An end-of-year financial review is good way to put everything in perspective. It’s the end of 2018 and my portfolio is relatively small. Because of this, I don’t feel the need to do monthly updates reporting on the extra €6 I earned. However, now is a good time to review my progress and take stock of my investments and my goals. I outlined financial goals in this earlier post when I started this blog

End-of-Year Financial Review – My Goals

The most important part of a financial review for me is the goals. There are two things you need to do here.

Firstly, you need to review your financial goals at regular intervals to make sure that they are still relevant. It’s OK if they are no longer relevant because your life is constantly changing. Feel free to tweak or rewrite them in order to keep them relevant and keep you focused.

Secondly, assuming nothing has changed much about your goals, you need to make sure that you are taking steps towards achieving them.

  1. Switch Mortgage
  2. Save for a deposit for an investment property
  3. Put some of my savings to work through Peer2Peer lending platforms
  4. Continue to use my current house as an income stream through rent-a-room (house hacking)
  5. Continue to overpay my mortgage to reduce my debt
  6. Reduce the amount of “stuff” I own and my spending by adopting a frugal and minimalist lifestyle.

Goal 1 – Switching Mortgage

I tried to do this twice this year. I failed twice too. In both instances I went via a mortgage broker and I didn’t expect to be successful in the application. I came a lot closer the second time round though.

First Switch Mortgage Attempt

In March 2018 I identified Haven as the best variable rate available on the market. Haven are a subsidiary company of AIB and we’re offering 2,000 to switch. My current mortgage is with AIB and the broker put in a call and found out that they are legally considered to be a different company. Because of this, they looked at my AIB mortgage as a new switch application regardless of it technically being the same company. However, I proposed the wrong term for the switch and the application was rejected.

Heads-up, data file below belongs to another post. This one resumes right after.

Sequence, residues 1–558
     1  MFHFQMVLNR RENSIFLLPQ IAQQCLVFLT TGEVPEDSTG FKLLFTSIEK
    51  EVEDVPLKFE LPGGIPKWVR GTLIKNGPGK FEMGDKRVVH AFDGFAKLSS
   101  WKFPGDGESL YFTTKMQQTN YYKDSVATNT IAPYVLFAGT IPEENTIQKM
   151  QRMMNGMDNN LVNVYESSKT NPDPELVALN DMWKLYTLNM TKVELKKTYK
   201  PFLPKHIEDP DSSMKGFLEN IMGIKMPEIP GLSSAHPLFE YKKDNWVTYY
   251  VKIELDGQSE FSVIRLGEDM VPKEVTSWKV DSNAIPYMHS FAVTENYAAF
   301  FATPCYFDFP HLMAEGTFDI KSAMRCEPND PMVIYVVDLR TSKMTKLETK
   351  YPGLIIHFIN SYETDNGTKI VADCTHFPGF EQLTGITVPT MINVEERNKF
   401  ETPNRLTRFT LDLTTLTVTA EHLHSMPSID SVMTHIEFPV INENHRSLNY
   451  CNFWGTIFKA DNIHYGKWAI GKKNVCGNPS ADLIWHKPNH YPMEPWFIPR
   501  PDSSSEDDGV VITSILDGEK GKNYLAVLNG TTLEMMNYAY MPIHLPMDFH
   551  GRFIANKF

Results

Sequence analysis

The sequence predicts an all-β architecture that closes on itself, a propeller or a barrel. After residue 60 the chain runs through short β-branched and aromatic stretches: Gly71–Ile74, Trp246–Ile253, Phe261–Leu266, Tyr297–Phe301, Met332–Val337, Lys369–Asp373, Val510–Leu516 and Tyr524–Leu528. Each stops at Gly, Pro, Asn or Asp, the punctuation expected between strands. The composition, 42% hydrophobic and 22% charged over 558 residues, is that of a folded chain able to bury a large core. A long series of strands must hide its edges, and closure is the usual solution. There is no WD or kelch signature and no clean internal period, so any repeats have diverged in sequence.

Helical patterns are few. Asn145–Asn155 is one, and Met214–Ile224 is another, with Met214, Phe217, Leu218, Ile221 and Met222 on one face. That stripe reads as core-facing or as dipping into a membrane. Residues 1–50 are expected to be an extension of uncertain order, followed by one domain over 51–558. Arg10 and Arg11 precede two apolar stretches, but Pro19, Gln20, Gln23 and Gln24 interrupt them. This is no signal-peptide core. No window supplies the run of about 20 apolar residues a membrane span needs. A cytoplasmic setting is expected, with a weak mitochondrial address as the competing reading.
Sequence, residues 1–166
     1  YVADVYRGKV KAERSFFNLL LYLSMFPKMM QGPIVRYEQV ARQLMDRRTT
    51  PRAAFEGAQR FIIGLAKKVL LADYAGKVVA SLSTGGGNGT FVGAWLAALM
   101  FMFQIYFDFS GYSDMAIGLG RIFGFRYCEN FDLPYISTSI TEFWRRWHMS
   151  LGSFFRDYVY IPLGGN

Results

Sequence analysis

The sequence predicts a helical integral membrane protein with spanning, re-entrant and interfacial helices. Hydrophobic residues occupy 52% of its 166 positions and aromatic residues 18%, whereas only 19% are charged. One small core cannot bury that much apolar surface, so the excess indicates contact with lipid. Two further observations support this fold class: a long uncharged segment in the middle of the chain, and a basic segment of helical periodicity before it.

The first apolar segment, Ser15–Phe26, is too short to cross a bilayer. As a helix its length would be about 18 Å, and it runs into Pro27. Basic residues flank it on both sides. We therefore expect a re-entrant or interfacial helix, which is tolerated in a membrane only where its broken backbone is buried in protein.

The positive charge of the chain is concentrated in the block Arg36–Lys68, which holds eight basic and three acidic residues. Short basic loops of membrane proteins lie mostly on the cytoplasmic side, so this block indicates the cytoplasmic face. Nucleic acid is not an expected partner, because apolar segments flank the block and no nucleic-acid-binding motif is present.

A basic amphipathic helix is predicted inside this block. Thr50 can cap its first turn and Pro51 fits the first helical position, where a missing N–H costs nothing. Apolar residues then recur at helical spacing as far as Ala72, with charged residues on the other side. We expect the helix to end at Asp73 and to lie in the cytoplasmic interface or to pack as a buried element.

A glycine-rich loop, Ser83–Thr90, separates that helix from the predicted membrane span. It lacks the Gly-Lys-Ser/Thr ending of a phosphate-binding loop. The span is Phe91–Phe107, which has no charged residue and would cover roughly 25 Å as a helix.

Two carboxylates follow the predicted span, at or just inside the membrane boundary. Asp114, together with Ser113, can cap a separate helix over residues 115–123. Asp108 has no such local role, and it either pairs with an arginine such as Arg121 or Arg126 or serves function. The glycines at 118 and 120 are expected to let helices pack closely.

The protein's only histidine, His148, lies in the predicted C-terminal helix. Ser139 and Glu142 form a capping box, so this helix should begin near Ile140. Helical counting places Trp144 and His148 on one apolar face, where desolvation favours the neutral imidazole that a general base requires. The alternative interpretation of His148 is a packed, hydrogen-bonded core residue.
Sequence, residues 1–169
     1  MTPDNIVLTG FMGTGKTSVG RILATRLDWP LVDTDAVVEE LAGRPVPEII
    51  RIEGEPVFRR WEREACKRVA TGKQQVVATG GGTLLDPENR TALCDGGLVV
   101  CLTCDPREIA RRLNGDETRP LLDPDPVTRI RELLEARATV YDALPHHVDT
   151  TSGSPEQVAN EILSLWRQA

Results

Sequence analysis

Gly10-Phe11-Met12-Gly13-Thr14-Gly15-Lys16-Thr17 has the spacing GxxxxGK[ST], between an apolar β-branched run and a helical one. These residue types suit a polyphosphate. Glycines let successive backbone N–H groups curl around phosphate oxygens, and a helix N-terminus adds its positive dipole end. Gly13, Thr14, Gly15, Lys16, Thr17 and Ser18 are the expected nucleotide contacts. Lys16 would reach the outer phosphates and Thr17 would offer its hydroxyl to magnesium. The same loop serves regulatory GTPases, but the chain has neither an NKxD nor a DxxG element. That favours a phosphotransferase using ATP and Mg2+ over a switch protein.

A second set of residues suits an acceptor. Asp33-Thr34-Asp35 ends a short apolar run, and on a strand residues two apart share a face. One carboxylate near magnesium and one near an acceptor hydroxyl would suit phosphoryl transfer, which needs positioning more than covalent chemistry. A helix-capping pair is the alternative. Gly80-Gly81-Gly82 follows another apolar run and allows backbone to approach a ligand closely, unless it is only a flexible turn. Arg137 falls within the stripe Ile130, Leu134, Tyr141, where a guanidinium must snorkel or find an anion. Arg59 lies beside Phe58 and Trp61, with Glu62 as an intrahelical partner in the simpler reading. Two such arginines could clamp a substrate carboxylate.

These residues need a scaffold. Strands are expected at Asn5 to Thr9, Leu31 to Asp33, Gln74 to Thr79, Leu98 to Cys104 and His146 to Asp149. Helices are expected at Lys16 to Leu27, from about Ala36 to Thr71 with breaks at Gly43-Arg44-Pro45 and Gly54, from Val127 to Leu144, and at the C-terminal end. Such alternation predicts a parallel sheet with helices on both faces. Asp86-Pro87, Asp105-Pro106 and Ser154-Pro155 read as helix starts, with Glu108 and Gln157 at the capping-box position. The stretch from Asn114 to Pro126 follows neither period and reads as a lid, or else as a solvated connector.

Second Switch Mortgage Attempt (Short Version)

June saw the introduction of a very competitive fixed rate mortgage rates from both Ulsterbank and KBC.

I am someone who hates debt so I have been overpaying my mortgage by an average of 500 per month for the last year and a half. Yes, I know, mortgages are “cheap money” and it makes more financial sense to invest that money.  Paying off my mortgage early is more appealing to me for the psychological benefits. Owing nothing on my primary principal residence will make me happy. So fixed rate? That means you can’t over pay your mortgage right? Wrong. You can actually repay up to 10% of the principal in addition to the standard repayments under KBCs fixed rate mortgage product.

Suffice to say the second attempt to switch was unsuccessful due to timing. I have a very complicated employment situation. The short version of the story is – my demonstrable income was too low at the time of the application.

The Long Version

The longer version is I have one permanent part time salary that comes with overtime with one employer. I have one fixed term contract with another employer. At the time of application my payslips didn’t show the overtime and the fixed term contract had only been renewed once. They need fixed term contracts to be renewed twice to consider the income as stable. As a result they would only consider the income from my part-time permanent contract which was deemed “below threshold”. No bank will consider rent-a-room income as part of a mortgage application.

So what now? I tried and failed twice but as a result I learned much more about all the fine details of the process. Since then I have diligently making myself look better on paper. By March 2019 I will have:

  • 6 months of payslips showing basic salary and overtime from one job.
  • a second fixed-term contract from my other job (this allows that income to be considered.
  • bank statements showing regular savings transferred into the credit union.
  • A reduced total mortgage amount due to over-payments.
  • P60s showing an average gross income of 35,000 over the last three years

Hopefully this will be enough to secure a switch to a lower fixed rate mortgage of 2.7% for 3 years with a mortgage term of 30 years. This would reduce my monthly mortgage amount to below 500 Euro and allow to save/invest more on a monthly basis.